Since the start of the war in Ukraine, the question of the size of the Russian and Chinese economies — relative to Western economies — has become highly significant, notes ‘The American affairs journal’.
Early on, policymakers compared the Russian GDP to that of Spain or Italy, for example, as a way of minimizing its global importance. Now that these geopolitical tensions have resurrected Cold War blocs, it is crucial to clarify our understanding of the real size and importance of these economies.
Simple GDP statistics have arguably lulled the West into a false sense of security. By GDP, Western economies appear dominant and their capacity to impose sanctions decisive. But the West’s reliance on service sectors — and the relative weakness of directly productive sectors like manufacturing, mining, and agriculture — introduces critical vulnerabilities in goods production and supply chains.
In times of peace and unimpeded trade, such vulnerabilities may seem insignificant. In periods of deglobalization, geopolitical competition, and state-versus-state conflict, however, these weaknesses can have profound impacts, while basic productive sectors take on greater importance. A clearer view of these realities implies a reassessment of the West’s strategic position.
Since World War II, GDP has been the indicator typically used to determine the size and power of an economy. GDP measures the wealth created in a given period, as valued by the market. While it is an important indicator, it also imperfectly assesses real wealth and does not fully measure the productive capacities of a country.
For these reasons, the purchasing power parity (or PPP) method is frequently used. PPP measures capture relative prices. In other words, PPP captures the relative price ratios, in national currency, of the same good or service across different countries.
If we look at the United States, Germany, China, and Russia on the basis of exchange rate and PPP comparisons, several conclusions jump out.
First, it is clear that the exchange rate method significantly underestimates the size of the Chinese and Russian economies. Using the exchange rate method, the size of the Russian economy is half that of Germany’s and around 130 percent of Spain’s. China, while growing more rapidly, is around two-thirds of the U.S. economy in 2019. With the PPP method, however, the profile of the Russian and Chinese economies changes drastically. The Russian economy almost becomes the equal of the German economy, while the Chinese economy reaches parity with the U.S. economy in 2016 and has since taken a slight lead.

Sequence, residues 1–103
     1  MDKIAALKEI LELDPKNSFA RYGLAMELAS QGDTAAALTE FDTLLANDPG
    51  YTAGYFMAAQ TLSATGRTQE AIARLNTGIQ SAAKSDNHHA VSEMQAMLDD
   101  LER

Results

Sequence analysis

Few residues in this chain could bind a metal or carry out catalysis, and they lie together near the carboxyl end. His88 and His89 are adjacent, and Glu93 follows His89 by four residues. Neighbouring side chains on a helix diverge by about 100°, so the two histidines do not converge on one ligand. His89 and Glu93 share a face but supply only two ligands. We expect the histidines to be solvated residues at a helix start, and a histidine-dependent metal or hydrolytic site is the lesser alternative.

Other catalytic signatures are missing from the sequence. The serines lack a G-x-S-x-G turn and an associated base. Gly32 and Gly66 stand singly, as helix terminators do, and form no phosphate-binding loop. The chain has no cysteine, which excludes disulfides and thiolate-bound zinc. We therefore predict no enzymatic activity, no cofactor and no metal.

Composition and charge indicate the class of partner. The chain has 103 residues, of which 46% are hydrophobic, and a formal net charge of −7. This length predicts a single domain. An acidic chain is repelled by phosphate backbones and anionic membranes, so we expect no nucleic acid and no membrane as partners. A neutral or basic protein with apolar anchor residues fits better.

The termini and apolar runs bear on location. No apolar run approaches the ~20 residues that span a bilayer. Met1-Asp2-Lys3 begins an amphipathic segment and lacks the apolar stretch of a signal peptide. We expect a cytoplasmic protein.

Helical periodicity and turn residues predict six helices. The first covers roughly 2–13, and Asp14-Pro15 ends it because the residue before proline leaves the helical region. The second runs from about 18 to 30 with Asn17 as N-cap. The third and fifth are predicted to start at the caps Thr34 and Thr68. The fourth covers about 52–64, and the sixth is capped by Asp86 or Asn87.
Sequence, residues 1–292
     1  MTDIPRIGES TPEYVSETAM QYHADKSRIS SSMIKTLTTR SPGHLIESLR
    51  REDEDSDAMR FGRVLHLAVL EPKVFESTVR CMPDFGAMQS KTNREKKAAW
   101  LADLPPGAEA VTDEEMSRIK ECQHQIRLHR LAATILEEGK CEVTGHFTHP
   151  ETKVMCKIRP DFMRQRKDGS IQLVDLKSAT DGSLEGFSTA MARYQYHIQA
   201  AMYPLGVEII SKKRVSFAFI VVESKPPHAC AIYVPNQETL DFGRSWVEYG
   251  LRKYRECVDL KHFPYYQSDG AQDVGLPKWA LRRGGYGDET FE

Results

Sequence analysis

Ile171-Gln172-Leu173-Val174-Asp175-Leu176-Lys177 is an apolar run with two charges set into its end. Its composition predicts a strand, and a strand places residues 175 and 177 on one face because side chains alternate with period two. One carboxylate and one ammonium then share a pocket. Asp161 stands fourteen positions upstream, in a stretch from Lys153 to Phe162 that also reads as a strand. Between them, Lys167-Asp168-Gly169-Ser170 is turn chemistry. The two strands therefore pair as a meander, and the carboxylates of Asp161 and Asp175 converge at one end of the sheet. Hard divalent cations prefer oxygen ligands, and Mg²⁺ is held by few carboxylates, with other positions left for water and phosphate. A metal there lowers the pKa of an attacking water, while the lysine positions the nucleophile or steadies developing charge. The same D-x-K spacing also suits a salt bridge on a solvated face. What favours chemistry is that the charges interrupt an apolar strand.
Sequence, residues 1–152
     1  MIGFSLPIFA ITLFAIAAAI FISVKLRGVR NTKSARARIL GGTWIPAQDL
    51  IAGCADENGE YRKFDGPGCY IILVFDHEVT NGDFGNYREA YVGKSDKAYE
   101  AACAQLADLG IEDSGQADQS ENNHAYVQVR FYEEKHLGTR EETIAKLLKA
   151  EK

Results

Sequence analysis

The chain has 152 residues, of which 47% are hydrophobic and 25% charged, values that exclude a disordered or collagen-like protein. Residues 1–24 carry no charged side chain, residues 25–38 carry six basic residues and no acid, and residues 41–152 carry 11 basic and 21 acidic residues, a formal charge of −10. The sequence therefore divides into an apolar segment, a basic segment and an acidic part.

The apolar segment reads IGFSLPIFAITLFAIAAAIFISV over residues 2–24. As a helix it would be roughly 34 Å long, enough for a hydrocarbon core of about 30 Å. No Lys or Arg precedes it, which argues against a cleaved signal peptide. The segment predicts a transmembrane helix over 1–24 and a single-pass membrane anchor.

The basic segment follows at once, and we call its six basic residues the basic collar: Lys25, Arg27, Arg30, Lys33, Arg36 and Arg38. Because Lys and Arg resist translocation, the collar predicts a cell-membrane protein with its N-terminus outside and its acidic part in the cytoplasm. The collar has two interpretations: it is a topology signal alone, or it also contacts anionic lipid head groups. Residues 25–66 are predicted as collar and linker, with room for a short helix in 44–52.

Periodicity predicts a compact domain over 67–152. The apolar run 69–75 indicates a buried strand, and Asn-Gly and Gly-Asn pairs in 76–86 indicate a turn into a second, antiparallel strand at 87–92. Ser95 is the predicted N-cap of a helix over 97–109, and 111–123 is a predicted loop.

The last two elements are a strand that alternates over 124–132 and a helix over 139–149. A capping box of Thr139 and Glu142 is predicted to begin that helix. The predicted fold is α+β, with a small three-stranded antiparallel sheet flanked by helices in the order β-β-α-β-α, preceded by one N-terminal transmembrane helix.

At first glance, we notice that Russia is situated between China, where services represent only 49 percent of GDP, and countries like the United States, France, or Italy, where services represent at least 75 percent of GDP. Germany is in an intermediate position, with 69 percent of its GDP coming from services. Russia’s position can be explained by the size of its industrial and agricultural sectors — a makeup that affects its real weight.
Russia and China’s GDP are significantly larger when we consider only directly productive activities.
China’s economy becomes nine times stronger than Germany’s and three times as strong as that of the United States. The Russian economy also ends up outranking the German economy and clocks in at more than twice as strong as the French economy. This completely changes our vision of these economies — far from the claims that Russia ranks at the same level as Spain or that China still lags far behind the United States.
The final method for assessing the scale of the Russian economy is to measure Russia’s place in global exports of key products.
In 2019, Russia was the world’s second-largest producer of platinum, cobalt, and vanadium, the third-largest producer of gold and nickel, the fourth-largest producer of silver and phosphates, the fifth-largest producer of iron ore, and the sixth-largest producer of uranium and lead. The main product of Russian agriculture is cereals; Russia is the world’s largest exporter of wheat and the largest producer of barley, buckwheat, oats, and rye, as well as the second-largest producer of sunflower seeds.
Of course, Russia is the world’s largest exporter of gas (and has the world’s largest reserves) and the second-largest exporter of crude oil. This gives Russia, beyond its industrial capacities, a central position in the raw materials trade, a position that explains its alliance with China.
Any interruption or sharp reduction in trade with Russia is likely to cause major disruptions in commodity markets.
It is now obvious why the attempt to represent the economies of China and Russia solely through GDP, using the exchange rate method, results in a misleading image of the economic power of these two countries — and a picture that can harm decision-making.